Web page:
Imagining China’s Madrid in Manchuria: The Communist Military Strategy at the Onset of the Chinese Civil War, 1945-46

Victor Cheng

Research output: Contribution to journalArticlepeer-review

9 Citations (SciVal)

Abstract

This article is an interdisciplinary study of CCP military decision making at the outset of the Civil War. The historical phenomenon of the Communists’ invocation of “Madrid” is studied in the context of the Chinese civil war in Manchuria, particularly the battle of Sipingjie. The strategic culture of the Communist leaders is discussed thematically in terms of their desire for a decisive battle, their expectation of a short war, and their propensity for preemptive strikes. Analyzing newly released primary documents, I argue that norms, beliefs, and material conditions work in tandem in the making of strategy in a way that the realist premise fails to explain. I conclude that the interaction of normative and material factors, symbolized by the Madrid concept, heightened the CCP policy makers’ acceptance of risk in 1946, which foreshadowed the open general war in China over the following three years.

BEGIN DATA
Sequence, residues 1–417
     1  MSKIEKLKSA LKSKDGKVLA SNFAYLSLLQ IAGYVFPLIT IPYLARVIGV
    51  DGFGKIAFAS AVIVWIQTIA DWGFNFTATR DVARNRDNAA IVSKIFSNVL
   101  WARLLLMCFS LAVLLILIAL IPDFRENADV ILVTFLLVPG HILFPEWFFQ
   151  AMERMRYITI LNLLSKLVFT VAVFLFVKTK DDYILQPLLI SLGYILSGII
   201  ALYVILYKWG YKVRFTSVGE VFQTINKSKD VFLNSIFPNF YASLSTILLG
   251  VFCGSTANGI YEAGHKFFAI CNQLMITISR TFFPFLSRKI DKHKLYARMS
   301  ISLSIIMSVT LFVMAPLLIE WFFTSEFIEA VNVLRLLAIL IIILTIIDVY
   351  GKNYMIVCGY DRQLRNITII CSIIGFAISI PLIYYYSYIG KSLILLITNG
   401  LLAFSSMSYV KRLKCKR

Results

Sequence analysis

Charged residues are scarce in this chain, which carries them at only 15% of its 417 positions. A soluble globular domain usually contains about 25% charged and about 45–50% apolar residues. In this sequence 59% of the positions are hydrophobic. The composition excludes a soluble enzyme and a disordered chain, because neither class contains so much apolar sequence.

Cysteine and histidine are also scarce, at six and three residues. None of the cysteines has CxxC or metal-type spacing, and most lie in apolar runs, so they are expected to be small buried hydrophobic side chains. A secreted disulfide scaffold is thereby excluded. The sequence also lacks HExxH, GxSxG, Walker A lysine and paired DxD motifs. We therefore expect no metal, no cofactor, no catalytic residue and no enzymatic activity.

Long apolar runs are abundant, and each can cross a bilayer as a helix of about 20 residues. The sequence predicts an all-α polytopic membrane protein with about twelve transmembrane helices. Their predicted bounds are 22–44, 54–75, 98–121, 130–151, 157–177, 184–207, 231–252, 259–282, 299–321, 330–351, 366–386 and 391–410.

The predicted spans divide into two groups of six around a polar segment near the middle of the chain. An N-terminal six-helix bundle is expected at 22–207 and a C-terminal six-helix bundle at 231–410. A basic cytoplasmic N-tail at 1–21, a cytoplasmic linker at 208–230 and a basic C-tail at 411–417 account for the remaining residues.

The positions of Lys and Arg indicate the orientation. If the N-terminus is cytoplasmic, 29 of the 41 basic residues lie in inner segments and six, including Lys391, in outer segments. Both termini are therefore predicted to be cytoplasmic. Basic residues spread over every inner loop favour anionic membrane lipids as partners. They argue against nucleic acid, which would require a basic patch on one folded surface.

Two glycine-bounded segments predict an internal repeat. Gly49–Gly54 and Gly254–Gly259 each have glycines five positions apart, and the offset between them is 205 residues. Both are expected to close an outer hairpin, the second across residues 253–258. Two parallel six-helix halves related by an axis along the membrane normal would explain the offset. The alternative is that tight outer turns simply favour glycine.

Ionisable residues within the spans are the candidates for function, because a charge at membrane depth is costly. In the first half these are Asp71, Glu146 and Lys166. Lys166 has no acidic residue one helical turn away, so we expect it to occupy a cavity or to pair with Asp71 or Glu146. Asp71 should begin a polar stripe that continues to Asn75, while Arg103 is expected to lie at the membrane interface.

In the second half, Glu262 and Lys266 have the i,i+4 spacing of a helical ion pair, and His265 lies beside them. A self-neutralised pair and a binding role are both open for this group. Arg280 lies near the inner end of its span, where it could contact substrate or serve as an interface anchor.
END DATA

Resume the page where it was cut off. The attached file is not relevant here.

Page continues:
Original languageEnglish
Pages (from-to)72-114
JournalModern China
Volume31
Issue number1
Publication statusPublished - 2005
Externally publishedYes

Subject classification (UKÄ)

  • Electrical Engineering, Electronic Engineering, Information Engineering

Keywords

  • military decision making
  • Chinese Civil War
  • strategic culture
  • Manchurian Civil War
  • battle of Sipingjie

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